They're all flat ASCII text files. Now, read the README. It starts out by mentioning it's free software, licenced under the GNU General Public License. It goes on to explain what the various files are for. One of the most welcome things to me in the latest version is Arno has chopped the line length in most of his stuff to a much more readable eighty characters or so. He appears to like lines that are about a hundred characters long, and displaying them in an eighty character wide xterm (or console) made them very difficult to read. Mostly, that's no longer a problem. You'll still see remnants of this, in his actual firewall script for example.

Following the file descriptions, he lists "Some IMPORTANT (security) information". Following that is a "Quick setup" section, a section on WHAT TO DO IN THE CONFIG FILE, and some info you may need in rebuilding your kernel if it doesn't already have iptables support (:-O really?!? I haven't seen any distributions supplying pre-compiled kernels without iptables support, or maybe this is in case you're having trouble rolling your own... I'll have to go back and re-read that bit sometime).

The old version flatly refused to work if you were using a 2.2.x kernel and ipchains. The latest version detects 2.2.x and ipchains and continues (I haven't tested this).

The README used to suggest installation instructions you might use, but perhaps he's blended those into the other sections? I notice there's also a bit at the top of the firewall script itself. However, I suggest you use common sense and figure out how you need it done for your system. They're just a couple of scripts and config files. How difficult can it be? :-)

On the other hand...

What I Did - Configuration

As root:

   $ cp rc.iptables /etc/init.d
   $ vi /etc/init.d/rc.iptables

A few lines into the file, you'll see CONFIG_FILE. Change that to say:


Now make it executable (Arno suggests this should be 700; you decide):

   $ chmod 744 /etc/init.d/rc.iptables

If necessary:

   $ chown root:root /etc/init.d/rc.iptables

Now make a home for the config file(s):

   $ mkdir /etc/firewall
   $ chmod 755 /etc/firewall
   $ cp iptables-firewall.conf /etc/firewall
   $ chmod 600 /etc/firewall/iptables-firewall.conf
   $ vi /etc/firewall/iptables-firewall.conf

If you're going to use them, you now want to create iptables-blocked-hosts, iptables-custom-rules, and iptables-mac-addresses (make sure those are the names mentioned, down at the bottom, in the config file). I notice they're commented out in the latest version's config file. These need to be at least one blank line long, so vi them, insert a carriage return, save, and exit.

Now go back to the top of iptables-firewall.conf, inserting the important stuff telling AIF how it should do things for your system. This part gets a little hairy, so you might like to peruse the mailing list archives to see if you can find explanations of how to do this correctly. The FAQ also mentions a few little syntactical nits that it might help to know. I went with Arno's suggestion and changed as little as I could. There are lots of comments explaining what things do and when you might want to use them.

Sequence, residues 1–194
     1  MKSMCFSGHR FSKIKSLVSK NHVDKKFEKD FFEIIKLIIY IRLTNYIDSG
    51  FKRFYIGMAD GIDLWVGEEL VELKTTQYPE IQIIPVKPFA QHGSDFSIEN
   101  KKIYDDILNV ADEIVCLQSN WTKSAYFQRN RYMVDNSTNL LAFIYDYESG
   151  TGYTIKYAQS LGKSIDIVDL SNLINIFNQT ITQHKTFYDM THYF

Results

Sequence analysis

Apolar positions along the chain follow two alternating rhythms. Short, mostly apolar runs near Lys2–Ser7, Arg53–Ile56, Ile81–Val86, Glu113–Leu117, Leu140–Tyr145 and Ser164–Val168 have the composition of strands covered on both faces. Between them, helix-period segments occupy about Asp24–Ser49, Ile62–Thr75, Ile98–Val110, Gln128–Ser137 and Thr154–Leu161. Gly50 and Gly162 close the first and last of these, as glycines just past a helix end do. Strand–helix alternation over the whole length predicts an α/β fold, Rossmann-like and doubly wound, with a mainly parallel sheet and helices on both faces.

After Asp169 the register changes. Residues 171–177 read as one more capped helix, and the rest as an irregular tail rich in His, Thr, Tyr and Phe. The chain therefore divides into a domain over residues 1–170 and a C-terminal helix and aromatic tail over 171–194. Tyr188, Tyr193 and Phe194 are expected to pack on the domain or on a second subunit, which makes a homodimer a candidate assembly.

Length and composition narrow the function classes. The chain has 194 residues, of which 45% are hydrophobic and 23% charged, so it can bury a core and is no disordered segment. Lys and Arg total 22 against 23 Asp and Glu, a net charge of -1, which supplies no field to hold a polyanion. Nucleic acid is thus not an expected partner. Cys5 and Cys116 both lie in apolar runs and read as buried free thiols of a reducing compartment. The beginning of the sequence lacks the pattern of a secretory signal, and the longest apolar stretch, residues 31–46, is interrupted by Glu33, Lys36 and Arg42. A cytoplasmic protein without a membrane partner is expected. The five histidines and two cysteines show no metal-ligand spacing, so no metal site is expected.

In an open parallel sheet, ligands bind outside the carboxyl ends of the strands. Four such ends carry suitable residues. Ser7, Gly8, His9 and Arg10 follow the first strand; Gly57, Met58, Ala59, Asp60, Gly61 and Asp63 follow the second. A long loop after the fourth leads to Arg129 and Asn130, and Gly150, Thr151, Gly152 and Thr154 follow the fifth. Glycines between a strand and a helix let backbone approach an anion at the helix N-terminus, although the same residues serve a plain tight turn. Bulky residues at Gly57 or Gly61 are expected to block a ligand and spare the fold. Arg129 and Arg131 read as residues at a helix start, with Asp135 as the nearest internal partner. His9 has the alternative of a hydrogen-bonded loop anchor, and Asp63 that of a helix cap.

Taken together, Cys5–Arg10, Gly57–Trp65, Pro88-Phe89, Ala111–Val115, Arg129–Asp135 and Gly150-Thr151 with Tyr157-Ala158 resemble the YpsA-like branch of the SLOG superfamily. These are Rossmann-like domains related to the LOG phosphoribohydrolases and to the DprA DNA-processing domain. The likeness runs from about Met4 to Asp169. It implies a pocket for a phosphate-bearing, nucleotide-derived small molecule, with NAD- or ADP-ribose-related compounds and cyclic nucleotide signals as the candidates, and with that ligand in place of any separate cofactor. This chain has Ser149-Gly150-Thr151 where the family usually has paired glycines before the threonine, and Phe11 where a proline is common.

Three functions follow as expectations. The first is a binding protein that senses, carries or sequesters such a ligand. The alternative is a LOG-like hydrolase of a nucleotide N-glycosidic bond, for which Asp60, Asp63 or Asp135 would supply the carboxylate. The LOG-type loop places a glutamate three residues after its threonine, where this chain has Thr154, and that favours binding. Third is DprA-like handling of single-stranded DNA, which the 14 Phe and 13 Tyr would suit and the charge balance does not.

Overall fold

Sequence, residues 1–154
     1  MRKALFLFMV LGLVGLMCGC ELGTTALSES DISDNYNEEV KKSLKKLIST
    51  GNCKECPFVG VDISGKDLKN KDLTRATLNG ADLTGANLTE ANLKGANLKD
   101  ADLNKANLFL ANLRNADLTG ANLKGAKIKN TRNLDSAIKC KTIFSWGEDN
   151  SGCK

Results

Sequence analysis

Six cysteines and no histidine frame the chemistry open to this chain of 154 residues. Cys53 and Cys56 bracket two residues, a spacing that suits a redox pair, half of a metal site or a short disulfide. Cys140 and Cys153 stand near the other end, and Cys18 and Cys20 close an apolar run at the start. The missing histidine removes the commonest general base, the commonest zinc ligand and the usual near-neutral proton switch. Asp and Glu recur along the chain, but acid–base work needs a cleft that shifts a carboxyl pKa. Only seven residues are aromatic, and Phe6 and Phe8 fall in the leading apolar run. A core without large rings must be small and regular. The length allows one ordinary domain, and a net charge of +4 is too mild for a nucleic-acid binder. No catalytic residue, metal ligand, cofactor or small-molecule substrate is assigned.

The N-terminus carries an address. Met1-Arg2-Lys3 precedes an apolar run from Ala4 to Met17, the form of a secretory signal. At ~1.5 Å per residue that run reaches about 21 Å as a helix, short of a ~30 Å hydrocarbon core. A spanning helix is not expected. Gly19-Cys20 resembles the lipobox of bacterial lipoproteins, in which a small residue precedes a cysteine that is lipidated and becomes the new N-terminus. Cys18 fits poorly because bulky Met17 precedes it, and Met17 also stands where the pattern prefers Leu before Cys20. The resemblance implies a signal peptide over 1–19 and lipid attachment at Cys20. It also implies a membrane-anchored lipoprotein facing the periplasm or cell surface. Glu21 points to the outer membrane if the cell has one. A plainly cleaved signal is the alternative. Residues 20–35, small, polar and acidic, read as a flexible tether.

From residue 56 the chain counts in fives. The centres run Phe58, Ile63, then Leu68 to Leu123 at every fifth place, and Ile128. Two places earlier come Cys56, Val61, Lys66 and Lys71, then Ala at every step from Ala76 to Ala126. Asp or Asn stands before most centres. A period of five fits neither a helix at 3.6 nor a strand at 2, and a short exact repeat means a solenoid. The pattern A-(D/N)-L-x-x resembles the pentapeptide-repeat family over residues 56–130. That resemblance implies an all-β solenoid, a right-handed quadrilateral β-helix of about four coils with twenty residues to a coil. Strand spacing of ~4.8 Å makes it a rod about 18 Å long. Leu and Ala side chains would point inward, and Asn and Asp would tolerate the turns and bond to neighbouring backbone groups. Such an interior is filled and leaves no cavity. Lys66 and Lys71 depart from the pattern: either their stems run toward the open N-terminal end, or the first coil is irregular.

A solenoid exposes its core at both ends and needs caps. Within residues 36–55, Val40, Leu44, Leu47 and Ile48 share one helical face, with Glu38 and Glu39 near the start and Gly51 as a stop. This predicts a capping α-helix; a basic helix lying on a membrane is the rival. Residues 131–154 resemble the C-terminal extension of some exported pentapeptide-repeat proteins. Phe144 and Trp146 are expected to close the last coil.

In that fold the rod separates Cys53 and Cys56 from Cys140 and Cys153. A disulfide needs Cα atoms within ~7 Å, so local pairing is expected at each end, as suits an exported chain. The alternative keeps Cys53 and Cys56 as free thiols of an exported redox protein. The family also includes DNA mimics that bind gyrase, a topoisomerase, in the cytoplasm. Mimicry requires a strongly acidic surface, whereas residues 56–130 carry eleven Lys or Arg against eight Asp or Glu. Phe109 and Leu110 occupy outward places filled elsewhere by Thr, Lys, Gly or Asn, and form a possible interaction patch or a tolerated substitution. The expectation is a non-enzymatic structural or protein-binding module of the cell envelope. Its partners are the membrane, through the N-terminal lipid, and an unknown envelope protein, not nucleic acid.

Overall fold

Yes, that is a little vague. Sorry, but this bit is the so-called kernel of what you need to learn about iptables for AIF to work for you the way you want it to work. What is it you want to do, and what is there that you have to work with? DSL/ADSL? Dialup ppp? WiFi from a broadband modem? What ports do you want to open up to the crackers? Do you know what you're doing with iptables, or are you a dilettante like me?

You do want to tell it what your external interface is:

in my case ("ppp+" covers ppp0, ppp1, ppp2, etc.) Then:
takes care of my NIC along with:

One of the things mentioned in the FAQ is you don't want or need "" (the loopback interface) mentioned anywhere. "Ah, so I guess I don't need to do anything about my caching nameserver? Uhh..." Well, the MaraDNS man page has a good section on this. Later.

Also, you might like to take my chmod commands above with a grain of salt. I don't see a great deal of point in locking things down so group and other can't read them. However, that is how Arno suggests they be. You make up your own mind. To me, if a config file doesn't contain any sensitive information, it's a little silly to make it owner:group read-only.

What I Did - Implementation

Once you've solved the config file problem, you then need to figure out how you want it executed. If you want it to come up at boot time, you'll need init script links in /etc/rcN.d directories. Arno mentions how to do this at the top of the firewall script itself. You can do it by hand, but most distributions have some sort of tool you can use to manage those links.

For my purposes, I wanted it controlled by interface initialization, and that fits well with Debian's /etc/ppp/ip-up.d/ system. Any script in that directory will be run when the interface is brought on line and configured. There's also /etc/ppp/ip-down.d/ which works similarly in reverse.

Now, take a look in /etc/network. Just like ppp, there are if-up.d "-ish" (among others) directories in there too.

In my case, I created the script /etc/ppp/ip-up.d/00iptables_firewall. It needs only two lines: the "shebang", and a line to call rc.iptables:

   /etc/init.d/rc.iptables start

Now, "chmod 744 /etc/ppp/ip-up.d/00iptables_firewall". Similarly, you need a script in /etc/ppp/ip-down.d that will take the firewall down when the interface goes down:

   # if [ ! "$(/sbin/ifconfig | /bin/grep eth0)" ]; then
      /etc/init.d/rc.iptables stop
   # fi

Notice the commented out lines. When I started on this, that did a sanity check first: if, by chance, I happen to have both ppp0 and ethN up and connected, it would be a little silly to take down the firewall if only one of the interfaces was being taken down. However, now that I think about it, that might be a little dumb. I'm still re-thinking that bit.

Make sure that file's executable too.

The last thing you might want to do is tweak /etc/syslog.conf to tell syslogd to send firewall related messages to /var/log/firewall. In the latest version, this is optional. Arno was kind enough to include a couple of examples of syslog.conf that you can work with. I just did this: look for the first instance of "kern.*" and change that to "kern.!=debug", then add a new line that points kern.=debug at /var/log/firewall. Now, I have: